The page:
Cover image for Finding the North Pole : Dr. Cook's own story of his discovery, April 21, 1908 : the story of Commander Peary's discovery, April 6 1909 : together with the marvelous record of former Arctic expeditions
Title:
Finding the North Pole : Dr. Cook's own story of his discovery, April 21, 1908 : the story of Commander Peary's discovery, April 6 1909 : together with the marvelous record of former Arctic expeditions
Author:
Morris, Charles, 1833-1922.
Publication Information:
Guilford, Conn. : Lyons Press; Garsington : Windsor, [2003]

©2003
Physical Description:
448 pages : illustrations ; 23 cm
General Note:
"Originally published in 1909 by W. E. Scull"--T.p. verso.
Language:
English
ISBN:
9781592280728
Format :
Book

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Summary

Summary

On September 1, 1909 the civilized world received word through the public press that Dr. Frederick A. Cook had discovered the North Pole on April 21, 1908. Only 4 days later Commander Robert E. Peary announced that he had arrived at the North Pole on April 6, 1909.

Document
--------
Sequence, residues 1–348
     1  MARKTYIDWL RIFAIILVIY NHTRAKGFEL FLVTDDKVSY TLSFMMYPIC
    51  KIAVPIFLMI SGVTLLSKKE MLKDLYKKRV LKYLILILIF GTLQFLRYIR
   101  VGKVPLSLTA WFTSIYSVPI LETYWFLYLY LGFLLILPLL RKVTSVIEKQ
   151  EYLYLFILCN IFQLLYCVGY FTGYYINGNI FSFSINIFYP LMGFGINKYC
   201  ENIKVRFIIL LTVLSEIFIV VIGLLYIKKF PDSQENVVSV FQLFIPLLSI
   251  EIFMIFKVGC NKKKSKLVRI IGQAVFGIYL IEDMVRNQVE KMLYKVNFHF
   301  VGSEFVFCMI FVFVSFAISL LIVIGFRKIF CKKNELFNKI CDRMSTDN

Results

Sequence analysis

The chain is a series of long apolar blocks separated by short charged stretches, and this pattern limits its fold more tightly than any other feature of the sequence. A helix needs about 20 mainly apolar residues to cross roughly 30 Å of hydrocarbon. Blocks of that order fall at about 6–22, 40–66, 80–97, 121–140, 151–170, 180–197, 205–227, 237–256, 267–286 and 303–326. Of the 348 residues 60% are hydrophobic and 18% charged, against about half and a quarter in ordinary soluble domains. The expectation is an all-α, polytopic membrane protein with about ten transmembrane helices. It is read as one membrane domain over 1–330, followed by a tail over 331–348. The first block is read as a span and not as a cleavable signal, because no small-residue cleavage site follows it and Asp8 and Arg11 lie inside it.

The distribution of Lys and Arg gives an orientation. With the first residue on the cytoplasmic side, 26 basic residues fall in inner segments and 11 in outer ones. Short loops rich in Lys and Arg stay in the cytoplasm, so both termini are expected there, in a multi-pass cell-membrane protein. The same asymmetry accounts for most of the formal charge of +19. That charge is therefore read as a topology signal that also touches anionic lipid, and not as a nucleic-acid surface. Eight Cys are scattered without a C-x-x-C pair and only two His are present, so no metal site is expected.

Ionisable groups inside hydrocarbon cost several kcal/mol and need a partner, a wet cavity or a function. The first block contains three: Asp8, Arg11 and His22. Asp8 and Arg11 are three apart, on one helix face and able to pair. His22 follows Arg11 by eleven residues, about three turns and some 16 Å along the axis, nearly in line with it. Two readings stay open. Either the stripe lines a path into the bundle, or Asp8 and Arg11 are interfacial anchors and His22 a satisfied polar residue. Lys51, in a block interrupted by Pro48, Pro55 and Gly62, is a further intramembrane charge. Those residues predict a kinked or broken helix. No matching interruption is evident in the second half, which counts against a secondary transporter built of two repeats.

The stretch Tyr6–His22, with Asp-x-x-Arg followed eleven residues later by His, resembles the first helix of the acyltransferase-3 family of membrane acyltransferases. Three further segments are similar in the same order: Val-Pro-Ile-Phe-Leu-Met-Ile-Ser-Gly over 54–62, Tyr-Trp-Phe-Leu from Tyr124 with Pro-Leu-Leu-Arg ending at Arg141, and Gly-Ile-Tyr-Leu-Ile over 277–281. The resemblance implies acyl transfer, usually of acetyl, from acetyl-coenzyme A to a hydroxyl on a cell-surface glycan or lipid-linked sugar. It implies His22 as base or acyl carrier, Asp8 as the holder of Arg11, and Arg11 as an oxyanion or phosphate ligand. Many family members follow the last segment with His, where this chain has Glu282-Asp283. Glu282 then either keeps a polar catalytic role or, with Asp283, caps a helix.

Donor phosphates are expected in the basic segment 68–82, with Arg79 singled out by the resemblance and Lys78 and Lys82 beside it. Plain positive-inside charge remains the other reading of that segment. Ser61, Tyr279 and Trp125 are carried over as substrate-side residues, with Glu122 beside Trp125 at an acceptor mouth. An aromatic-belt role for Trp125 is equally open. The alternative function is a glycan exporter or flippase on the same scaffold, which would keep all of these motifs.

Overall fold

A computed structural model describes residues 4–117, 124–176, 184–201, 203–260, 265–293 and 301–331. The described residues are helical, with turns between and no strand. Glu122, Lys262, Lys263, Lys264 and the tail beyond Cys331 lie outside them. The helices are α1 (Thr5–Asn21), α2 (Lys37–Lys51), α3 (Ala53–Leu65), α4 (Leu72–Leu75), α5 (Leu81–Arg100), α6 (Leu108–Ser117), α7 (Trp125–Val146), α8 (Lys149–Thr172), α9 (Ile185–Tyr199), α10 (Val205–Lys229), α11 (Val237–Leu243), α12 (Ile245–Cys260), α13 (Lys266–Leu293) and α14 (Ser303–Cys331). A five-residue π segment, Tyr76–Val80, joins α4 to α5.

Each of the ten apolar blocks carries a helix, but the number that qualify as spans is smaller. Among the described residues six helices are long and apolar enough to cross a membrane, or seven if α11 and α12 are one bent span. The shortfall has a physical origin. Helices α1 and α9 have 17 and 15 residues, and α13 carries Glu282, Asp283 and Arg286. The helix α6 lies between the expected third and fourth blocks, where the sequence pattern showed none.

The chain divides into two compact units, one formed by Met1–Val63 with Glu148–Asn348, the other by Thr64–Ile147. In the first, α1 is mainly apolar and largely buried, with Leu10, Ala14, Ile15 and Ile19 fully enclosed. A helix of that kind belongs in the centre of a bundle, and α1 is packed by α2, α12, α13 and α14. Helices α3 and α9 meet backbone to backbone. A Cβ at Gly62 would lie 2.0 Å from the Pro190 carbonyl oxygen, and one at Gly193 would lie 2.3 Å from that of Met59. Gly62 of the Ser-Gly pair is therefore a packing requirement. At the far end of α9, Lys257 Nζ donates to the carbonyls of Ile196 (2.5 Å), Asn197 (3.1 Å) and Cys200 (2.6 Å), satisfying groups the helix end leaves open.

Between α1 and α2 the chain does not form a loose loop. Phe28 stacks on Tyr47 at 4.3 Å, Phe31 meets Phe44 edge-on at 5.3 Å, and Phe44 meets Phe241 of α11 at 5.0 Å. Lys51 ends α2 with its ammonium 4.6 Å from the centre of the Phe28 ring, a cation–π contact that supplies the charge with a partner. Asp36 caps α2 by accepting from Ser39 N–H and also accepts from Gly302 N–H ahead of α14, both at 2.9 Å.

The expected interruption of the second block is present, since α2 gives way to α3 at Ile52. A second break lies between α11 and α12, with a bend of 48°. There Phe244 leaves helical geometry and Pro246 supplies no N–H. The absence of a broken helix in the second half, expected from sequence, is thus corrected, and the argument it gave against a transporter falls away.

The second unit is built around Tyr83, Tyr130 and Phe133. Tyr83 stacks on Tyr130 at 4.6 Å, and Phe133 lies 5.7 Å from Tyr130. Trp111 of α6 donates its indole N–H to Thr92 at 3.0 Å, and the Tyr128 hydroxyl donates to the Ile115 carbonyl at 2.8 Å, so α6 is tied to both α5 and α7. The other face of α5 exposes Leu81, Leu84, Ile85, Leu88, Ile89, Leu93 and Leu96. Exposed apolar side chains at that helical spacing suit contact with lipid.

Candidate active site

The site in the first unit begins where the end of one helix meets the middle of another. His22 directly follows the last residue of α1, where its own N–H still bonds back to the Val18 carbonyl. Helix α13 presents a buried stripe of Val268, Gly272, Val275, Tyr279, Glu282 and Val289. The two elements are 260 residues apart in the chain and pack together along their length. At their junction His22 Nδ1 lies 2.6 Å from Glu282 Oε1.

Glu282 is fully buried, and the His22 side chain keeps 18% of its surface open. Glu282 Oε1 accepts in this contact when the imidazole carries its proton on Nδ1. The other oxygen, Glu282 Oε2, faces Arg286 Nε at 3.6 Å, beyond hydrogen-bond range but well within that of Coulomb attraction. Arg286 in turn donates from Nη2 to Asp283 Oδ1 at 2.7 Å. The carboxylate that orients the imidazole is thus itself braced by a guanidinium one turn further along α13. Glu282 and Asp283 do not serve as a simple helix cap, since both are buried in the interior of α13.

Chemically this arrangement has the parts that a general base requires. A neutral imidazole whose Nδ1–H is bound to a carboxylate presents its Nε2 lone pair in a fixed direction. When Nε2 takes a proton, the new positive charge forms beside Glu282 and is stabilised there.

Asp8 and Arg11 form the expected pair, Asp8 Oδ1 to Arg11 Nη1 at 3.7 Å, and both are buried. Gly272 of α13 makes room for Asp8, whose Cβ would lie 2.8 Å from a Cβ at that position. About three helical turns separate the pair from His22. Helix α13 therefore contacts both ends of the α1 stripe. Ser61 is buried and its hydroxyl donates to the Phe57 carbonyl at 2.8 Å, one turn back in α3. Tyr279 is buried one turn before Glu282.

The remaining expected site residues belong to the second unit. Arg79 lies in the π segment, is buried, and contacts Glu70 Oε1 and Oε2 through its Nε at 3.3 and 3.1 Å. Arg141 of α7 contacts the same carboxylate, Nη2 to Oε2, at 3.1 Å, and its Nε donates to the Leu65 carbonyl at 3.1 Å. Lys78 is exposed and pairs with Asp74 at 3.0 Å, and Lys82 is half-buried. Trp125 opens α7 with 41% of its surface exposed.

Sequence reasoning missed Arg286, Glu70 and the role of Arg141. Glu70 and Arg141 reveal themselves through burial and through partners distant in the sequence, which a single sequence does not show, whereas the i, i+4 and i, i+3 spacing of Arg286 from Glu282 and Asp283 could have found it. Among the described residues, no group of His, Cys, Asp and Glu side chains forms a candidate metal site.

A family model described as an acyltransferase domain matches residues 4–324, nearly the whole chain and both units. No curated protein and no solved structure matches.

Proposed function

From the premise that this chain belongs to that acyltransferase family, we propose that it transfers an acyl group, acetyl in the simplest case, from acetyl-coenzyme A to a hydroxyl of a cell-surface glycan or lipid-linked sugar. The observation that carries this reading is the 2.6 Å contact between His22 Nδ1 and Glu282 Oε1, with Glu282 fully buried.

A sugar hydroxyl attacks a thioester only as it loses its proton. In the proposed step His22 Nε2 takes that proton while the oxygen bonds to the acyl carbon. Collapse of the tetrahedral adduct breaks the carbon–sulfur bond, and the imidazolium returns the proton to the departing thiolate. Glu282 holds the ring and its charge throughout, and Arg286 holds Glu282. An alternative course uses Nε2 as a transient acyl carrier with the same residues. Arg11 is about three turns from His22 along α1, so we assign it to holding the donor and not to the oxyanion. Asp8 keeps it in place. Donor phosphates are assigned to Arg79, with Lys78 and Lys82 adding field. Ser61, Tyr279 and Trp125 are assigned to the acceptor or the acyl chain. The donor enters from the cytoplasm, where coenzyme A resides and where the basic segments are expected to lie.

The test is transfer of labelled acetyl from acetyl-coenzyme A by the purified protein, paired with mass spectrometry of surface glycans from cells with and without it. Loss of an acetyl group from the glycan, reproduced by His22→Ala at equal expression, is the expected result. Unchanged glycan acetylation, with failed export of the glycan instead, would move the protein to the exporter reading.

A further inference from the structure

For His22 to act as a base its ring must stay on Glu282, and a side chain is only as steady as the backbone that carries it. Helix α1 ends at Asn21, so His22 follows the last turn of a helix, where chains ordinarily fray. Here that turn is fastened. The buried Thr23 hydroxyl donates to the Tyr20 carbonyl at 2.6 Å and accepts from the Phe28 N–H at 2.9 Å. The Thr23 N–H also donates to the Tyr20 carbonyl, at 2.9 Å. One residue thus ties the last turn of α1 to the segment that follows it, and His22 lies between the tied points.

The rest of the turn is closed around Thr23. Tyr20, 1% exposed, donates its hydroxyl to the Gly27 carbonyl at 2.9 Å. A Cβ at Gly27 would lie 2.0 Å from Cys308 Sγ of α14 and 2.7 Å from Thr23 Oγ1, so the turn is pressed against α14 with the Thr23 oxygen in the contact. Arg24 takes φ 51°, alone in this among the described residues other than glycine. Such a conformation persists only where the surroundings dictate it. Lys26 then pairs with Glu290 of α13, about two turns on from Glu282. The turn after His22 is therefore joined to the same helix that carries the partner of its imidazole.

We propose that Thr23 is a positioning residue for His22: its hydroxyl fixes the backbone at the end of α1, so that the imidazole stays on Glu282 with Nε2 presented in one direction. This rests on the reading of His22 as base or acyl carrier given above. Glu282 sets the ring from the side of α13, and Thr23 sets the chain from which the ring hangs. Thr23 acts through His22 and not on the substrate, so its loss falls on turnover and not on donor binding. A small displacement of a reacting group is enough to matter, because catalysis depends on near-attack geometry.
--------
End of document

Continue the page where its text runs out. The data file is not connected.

Originally published in 1909, FINDING THE NORTH POLE presents both Cooks' own story of his discovery, and the story of Commander Peary's discovery, together with the record of former arctic expeditions. Their stories are inspiring examples of human spirit and perseverance.
Historians and explorers alike will find this book to be full of valuable lessons, information, and entertainment.


Author Notes

Robert E. Peary, the American who discovered the North Pole, first became interested in Arctic exploration after a trip into the interior of Greenland in 1886. Later trips there funded by the Philadelphia Academy of Natural Sciences proved that Greenland is an island and resulted in his account Northward over the Great Ice Northward over the Great Ice (1898).

Nearest the Pole (1907) tells of his Arctic trip when the "farthest north" record was set about 200 miles from the North Pole. On April 6, 1909, Peary finally reached the North Pole after a voyage in the specially built ship Roosevelt and a long trek over ice via dog sled. He was accompanied by an African American and four Inuits. The North Pole, published in 1910, is his account of that final trip. He retired from the U.S. Navy in 1911 with the rank of rear admiral but again served his country during World War I.

Dr. Frederick A. Cook, who had been ship's surgeon on one of Peary's earlier expeditions, claimed that he had discovered the North Pole earlier than Peary. However, Cook's claim was later proved false, and Congress, in 1911, formally recognized Peary as the discoverer of the North Pole. Peary's wife accompanied him on several trips, and his daughter was born in the Arctic - she is believed to be the first white child born north of the Arctic circle.

(Bowker Author Biography)